“We continue to battle the effects of the COVID-19 pandemic,” said New Zealand Finance Minister and Deputy Prime Minister Grant Robertson when he opened the 2021 APEC Finance Ministers’ Meeting on Friday. “The pain that it has brought on our people, our economies and our healthcare systems should not be downplayed.”
APEC Finance Ministers convened virtually a week after many of them had gathered for the Annual Meetings of the Boards of Governors of the International Monetary Fund and the World Bank Group. They acknowledged their common pursuit for finding efficient tools in responding to COVID-19 to ensure member economies continue to preserve jobs and livelihoods, fund public services, and protect the most vulnerable communities.
Minister Robertson explained that although economic activity across the region has rebounded and vaccination rates are increasing, managing the complexity of APEC’s economies is a significant challenge as members face plenty of headwinds, some of which can be influenced directly through individual and collective actions.
“The pandemic has caused a rapid rise in public debt and demands for new spending continue to grow as we recover,” stated Minister Robertson in his opening address at the meeting. “More than ever, we need to use our resources effectively, while implementing structural reforms to lift living standards.”
Fiscal policy and budget frameworks have played a key role in the ongoing response to COVID-19 and in economies’ plans for the recovery and beyond. APEC Finance Ministers discussed ways to balance fiscal policy in combatting COVID-19 and enable recovery, and at the same time guarantee its long-term sustainability.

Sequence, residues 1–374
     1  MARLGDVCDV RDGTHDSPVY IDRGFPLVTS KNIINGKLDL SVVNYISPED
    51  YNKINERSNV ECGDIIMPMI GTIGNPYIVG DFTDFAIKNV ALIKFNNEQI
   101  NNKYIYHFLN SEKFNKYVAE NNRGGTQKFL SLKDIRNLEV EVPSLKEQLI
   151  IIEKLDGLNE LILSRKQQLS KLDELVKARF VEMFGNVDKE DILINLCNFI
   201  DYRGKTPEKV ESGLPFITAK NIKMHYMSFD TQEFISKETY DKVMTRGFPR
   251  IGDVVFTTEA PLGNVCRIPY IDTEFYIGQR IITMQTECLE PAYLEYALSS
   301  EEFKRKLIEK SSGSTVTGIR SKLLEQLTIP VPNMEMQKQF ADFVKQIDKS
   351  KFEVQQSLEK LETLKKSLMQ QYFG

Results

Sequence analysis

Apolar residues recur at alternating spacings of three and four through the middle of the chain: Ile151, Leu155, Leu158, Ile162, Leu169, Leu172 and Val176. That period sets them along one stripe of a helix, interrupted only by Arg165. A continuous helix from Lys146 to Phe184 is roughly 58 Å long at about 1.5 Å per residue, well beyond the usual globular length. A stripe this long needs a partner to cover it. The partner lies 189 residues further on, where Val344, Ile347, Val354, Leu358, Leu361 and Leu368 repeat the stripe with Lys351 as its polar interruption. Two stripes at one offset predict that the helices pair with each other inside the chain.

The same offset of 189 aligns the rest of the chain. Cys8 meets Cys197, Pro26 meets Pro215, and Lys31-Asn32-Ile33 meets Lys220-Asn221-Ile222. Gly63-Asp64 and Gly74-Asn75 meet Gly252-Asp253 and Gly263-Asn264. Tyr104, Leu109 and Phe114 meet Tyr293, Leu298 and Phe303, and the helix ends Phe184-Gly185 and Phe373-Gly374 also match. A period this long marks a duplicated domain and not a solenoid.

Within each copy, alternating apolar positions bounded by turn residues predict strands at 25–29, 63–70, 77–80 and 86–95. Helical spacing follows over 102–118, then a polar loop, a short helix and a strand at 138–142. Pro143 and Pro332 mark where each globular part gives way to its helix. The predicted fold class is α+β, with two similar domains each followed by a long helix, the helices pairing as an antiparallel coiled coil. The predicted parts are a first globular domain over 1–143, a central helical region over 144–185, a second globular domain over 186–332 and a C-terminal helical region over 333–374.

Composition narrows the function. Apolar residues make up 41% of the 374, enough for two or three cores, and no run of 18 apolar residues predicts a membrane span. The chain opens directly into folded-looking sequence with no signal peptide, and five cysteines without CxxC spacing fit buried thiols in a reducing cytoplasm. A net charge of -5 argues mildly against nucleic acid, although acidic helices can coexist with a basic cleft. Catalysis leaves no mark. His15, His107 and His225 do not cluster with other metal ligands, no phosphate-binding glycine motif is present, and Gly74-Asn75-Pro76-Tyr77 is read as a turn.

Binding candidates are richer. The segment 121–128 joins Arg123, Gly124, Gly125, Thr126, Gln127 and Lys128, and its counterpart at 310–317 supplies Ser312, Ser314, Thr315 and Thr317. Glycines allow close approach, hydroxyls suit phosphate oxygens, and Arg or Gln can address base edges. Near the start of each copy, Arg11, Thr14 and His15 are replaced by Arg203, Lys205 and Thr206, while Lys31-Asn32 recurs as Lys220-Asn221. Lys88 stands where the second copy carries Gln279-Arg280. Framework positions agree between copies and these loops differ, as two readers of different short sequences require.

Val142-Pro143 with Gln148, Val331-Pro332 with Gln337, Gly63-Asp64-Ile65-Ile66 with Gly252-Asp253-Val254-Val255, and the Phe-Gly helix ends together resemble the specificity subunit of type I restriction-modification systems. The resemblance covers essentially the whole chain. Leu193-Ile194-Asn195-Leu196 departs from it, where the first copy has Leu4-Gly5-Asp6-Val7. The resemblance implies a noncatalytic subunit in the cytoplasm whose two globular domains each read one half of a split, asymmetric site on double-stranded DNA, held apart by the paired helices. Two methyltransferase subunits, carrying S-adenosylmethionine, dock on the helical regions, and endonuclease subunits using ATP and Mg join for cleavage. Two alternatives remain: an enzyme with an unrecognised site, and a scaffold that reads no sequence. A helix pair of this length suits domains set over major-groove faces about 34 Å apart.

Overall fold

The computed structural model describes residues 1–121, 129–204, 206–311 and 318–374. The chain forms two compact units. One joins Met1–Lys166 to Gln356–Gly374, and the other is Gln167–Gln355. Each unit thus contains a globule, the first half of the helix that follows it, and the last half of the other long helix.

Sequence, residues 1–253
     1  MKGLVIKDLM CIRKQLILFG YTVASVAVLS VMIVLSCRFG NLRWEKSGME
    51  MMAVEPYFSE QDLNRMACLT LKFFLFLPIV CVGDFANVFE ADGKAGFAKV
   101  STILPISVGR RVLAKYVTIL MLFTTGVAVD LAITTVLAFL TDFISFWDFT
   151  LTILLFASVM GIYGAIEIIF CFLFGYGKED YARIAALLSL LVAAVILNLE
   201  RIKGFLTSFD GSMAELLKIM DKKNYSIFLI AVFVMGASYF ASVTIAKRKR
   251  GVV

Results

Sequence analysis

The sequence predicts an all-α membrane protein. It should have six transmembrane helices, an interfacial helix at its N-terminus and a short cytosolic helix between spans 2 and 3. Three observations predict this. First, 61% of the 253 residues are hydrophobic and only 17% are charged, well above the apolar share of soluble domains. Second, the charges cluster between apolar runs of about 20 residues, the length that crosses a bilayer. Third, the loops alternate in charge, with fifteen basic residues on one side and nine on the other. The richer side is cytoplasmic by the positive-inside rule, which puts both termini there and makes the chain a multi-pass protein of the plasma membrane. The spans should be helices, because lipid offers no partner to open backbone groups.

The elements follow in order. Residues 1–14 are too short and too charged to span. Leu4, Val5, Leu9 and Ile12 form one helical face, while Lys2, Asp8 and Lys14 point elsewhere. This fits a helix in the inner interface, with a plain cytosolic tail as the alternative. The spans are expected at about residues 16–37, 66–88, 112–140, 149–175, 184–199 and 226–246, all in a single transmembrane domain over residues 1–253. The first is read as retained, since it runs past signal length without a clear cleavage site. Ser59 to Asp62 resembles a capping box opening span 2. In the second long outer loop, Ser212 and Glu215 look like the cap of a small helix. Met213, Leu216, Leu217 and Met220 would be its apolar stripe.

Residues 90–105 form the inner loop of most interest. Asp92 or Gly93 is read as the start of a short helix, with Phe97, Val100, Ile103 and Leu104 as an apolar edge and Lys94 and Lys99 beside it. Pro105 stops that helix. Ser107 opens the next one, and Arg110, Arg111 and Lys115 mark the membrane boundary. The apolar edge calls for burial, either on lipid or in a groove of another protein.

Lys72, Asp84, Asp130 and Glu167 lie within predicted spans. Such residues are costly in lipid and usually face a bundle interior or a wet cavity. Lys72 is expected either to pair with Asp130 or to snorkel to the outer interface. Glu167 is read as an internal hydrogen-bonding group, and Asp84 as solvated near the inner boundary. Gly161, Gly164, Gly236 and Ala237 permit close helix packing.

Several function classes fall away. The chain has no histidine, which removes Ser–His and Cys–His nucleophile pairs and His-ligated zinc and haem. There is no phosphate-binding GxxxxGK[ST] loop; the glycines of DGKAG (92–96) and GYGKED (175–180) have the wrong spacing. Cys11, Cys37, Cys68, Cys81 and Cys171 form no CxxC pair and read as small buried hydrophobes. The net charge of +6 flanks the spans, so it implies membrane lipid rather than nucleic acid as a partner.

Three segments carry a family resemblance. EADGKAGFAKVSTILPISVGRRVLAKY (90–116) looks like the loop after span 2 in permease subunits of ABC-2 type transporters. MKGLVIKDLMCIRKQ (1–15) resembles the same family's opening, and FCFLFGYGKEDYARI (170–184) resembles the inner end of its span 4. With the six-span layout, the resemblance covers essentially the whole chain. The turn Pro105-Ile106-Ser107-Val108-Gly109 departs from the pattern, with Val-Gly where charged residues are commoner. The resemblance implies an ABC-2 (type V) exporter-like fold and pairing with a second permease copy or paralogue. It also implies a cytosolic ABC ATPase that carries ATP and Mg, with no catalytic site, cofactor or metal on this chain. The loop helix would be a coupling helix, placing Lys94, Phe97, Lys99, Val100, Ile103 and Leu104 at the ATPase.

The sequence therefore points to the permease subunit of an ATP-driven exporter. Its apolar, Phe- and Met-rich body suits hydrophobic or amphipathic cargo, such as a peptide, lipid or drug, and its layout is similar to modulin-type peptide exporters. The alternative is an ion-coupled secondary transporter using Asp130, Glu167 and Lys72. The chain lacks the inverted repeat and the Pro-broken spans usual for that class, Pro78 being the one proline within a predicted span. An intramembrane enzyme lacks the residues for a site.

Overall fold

Finance ministers also deliberated on approaches to budgets and budgeting, which can help support fiscal policy deliver its objectives, as well as member economies’ priorities such as environmental sustainability and well-being.
“As we work to bring the pandemic to an end, we must not lose sight of the broader challenges affecting our region, including climate change and inequality,” Minister Robertson added. “Government policy can support those most in need, through redistributive fiscal policies and welfare-enhancing structural reforms in dealing with inequalities.”
He called on member economies to play their part in responding to the climate challenge, spur green innovation and make economies more resilient. Noting the importance of climate change and the transition to a lower carbon future, finance ministers explored policy tools to ensure the necessary flow of capital to support this shift, including the use of fiscal funding tools, and innovative forms of funding including partnerships with the private sector.
“The public and private sectors should work together to boost trade, employment and prosperity,” added Minister Robertson. “Our continued commitment to combating COVID-19 and delivering the best outcomes for our people, and our commitment to each other as part of APEC, will continue.”
Ministers issued a joint statement at the conclusion of their meeting and agreed on the refreshed Cebu Action Plan strategy, which encourages economies to pursue a more sustainable financial future for the Asia-Pacific region.
The next APEC Finance Ministers’ Meeting will be held in Thailand in October 2022.
For further details, please contact:
Cas Carter +64 21 341 509 at [email protected] (in New Zealand)
Sidah Russell +64 21 359 235 at [email protected] (in New Zealand)
Masyitha Baziad +65 9751 2146 at [email protected]
Michael Chapnick +65 9647 4847 at[email protected]